Berkeley County, West Virginia Biography of David Hunter STROTHER


         David Hunter STROTHER was born in Martinsburg, Berkeley County, Virginia, September 26, 1816, and died at Charles Town, Jefferson County, March 8, 1888. He was the son of Col. John and Elizabeth Pendleton (Hunter) Strother. He was married twice, first to Anne Doyne Wolfe, and second to Mary Elliott Hunter. By his first marriage, he had one daughter, Emily Strother, who became the wife of John Brisben Walker. By his second marriage, he had two sons. However, in Norbourne Cemetery, there are six little graves, all David Hunter's children who died in infancy.

         He was one of the most widely known U.S. authors of that time, adopting the nom-de-plume of “Port Crayon,” under which he wrote “The Virginia Caanan.” This work was illustrated with crayon, which at once won the public by their charming originality, terseness and grace. Soon, the Porte Crayon name was a household word wherever the monthly Harper's Magazine found its way, from Atlantic to Pacific Shores. One of his first teachers was Samuel F.B. Morse, inventor of the electric telegraph. He studied art with Morse in 1836; for two years in Rome, Italy, 1842-44; and in New York, 1845-49. He served in the Federal Army during the Civil War and rose to the rank of Brigadier-General. He was appointed adjutant-general on McClellan's staff, served on Pope's staff in the Virginia campaign; and was brevetted brigadier-general of volunteers. He was a war correspondent for Harper’s Magazine. After the war, he resumed his literary work, and his "Personal Recollections of the War," written from a notebook kept while at the front, was very popular. President Hayes appointed him Consul-General to Mexico in 1877, a position he filled for seven years. He was the author of "The Blackwater Chronicle" (1853) and "Virginia Illustrated" (1857).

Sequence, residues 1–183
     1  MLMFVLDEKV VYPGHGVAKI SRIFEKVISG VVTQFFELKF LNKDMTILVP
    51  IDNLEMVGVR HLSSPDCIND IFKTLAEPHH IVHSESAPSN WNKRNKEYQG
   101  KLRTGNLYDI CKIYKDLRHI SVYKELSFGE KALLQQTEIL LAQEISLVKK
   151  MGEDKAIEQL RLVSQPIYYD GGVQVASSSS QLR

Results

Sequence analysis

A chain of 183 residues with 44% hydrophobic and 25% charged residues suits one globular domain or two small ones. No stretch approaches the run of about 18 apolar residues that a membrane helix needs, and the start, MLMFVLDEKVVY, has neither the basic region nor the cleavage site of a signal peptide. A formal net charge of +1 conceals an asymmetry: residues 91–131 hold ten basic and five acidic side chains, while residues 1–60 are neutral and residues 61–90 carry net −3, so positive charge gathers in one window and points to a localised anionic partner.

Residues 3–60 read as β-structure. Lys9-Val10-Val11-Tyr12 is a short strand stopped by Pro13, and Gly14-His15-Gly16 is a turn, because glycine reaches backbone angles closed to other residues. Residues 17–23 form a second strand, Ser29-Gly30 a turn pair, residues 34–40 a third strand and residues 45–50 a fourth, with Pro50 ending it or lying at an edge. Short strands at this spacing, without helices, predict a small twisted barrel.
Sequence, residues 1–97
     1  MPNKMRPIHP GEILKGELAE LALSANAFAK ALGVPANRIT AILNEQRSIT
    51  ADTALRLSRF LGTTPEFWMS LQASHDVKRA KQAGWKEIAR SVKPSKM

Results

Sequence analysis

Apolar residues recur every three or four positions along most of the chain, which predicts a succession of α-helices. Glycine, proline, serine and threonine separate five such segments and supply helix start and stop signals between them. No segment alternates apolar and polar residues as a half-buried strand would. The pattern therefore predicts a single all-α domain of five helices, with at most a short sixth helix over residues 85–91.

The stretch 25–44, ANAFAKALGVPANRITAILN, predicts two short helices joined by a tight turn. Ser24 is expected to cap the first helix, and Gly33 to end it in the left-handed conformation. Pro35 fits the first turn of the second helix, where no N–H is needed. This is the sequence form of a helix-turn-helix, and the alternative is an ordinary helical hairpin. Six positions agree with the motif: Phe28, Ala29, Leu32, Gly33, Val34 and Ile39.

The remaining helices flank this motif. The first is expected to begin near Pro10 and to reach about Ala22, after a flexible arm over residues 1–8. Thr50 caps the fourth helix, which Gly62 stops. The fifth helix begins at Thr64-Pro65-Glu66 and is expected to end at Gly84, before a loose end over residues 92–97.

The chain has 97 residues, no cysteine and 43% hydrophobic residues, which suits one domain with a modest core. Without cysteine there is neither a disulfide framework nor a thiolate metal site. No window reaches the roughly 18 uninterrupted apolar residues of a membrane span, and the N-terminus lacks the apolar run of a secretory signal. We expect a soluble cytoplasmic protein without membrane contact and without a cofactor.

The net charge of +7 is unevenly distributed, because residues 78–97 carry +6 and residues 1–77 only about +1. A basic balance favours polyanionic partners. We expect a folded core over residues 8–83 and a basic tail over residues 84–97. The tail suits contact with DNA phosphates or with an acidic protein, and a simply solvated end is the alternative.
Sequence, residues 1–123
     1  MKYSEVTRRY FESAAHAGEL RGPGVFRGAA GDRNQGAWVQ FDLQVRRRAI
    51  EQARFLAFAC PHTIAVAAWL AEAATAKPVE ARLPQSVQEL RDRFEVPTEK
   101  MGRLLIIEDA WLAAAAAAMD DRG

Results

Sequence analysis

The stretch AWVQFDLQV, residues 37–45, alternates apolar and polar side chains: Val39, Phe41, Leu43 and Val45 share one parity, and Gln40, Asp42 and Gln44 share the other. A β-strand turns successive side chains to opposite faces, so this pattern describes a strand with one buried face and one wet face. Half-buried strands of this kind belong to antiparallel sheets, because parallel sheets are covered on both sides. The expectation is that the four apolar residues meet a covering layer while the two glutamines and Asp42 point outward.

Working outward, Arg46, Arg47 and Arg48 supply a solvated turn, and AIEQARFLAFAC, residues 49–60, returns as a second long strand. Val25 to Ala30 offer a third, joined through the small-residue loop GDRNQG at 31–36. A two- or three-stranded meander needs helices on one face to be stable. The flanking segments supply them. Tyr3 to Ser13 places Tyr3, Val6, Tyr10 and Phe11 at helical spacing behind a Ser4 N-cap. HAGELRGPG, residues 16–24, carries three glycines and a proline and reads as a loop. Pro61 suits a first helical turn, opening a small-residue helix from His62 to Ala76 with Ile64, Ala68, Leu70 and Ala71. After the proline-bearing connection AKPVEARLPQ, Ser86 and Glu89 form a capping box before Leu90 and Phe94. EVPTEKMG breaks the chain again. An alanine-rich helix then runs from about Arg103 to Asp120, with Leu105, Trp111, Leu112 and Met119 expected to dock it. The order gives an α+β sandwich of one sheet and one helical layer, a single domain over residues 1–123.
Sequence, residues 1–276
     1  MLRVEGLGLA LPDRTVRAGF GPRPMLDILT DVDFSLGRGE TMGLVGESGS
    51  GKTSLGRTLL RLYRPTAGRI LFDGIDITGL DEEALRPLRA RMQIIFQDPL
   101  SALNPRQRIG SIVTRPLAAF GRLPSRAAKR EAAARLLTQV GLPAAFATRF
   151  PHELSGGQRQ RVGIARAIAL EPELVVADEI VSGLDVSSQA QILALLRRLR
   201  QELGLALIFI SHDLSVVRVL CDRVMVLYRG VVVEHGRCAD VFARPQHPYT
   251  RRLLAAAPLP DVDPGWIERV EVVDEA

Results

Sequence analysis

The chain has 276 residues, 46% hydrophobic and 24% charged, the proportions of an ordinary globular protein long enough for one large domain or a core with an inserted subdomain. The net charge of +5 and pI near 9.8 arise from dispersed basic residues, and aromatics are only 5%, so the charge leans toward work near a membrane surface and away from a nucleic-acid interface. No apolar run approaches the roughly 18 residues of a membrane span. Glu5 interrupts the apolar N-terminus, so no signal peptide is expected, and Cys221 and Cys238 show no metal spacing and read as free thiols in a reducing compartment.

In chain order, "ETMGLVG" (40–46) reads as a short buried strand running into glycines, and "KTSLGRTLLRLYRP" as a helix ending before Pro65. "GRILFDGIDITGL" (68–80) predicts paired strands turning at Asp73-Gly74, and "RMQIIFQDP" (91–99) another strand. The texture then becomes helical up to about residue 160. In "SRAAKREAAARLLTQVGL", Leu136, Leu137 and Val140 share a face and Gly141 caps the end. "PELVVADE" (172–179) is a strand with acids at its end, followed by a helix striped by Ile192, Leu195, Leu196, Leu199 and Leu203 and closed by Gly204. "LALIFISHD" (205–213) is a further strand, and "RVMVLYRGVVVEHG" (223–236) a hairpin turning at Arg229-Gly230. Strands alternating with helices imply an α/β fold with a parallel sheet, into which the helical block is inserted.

His sister was Mrs. James L. Randolph, whose husband was James L. Randolph, Chief Civil Engineer for the Baltimore and Ohio Railroad for a number of years.

         While traveling in France, David Strother saw a cemetery laid out to suit his artistic taste and, making a sketch of it, he devised plans for the Green Hill Cemetery in Martinsburg, precisely as he saw the one in France. Together with the surveyor, John P. Kearfott, he laid out the grounds with a mausoleum in the center, surrounded by lots, walks and drives arranged in a circular shape.


    Submitted by Marilyn Gouge and extracted from History of Berkeley County, West Virginia, 1928.

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